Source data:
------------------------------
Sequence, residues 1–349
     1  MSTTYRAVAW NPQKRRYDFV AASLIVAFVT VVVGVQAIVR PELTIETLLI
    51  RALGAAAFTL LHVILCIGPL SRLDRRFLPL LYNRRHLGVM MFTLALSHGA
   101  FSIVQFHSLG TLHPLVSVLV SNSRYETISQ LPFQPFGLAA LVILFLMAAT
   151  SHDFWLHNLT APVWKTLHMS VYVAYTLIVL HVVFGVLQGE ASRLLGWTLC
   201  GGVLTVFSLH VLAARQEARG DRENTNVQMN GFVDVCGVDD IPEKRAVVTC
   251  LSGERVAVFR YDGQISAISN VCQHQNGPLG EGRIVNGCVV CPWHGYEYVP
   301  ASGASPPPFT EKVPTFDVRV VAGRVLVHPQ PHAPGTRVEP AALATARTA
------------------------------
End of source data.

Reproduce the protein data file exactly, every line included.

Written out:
Sequence, residues 1–349
     1  MSTTYRAVAW NPQKRRYDFV AASLIVAFVT VVVGVQAIVR PELTIETLLI
    51  RALGAAAFTL LHVILCIGPL SRLDRRFLPL LYNRRHLGVM MFTLALSHGA
   101  FSIVQFHSLG TLHPLVSVLV SNSRYETISQ LPFQPFGLAA LVILFLMAAT
   151  SHDFWLHNLT APVWKTLHMS VYVAYTLIVL HVVFGVLQGE ASRLLGWTLC
   201  GGVLTVFSLH VLAARQEARG DRENTNVQMN GFVDVCGVDD IPEKRAVVTC
   251  LSGERVAVFR YDGQISAISN VCQHQNGPLG EGRIVNGCVV CPWHGYEYVP
   301  ASGASPPPFT EKVPTFDVRV VAGRVLVHPQ PHAPGTRVEP AALATARTA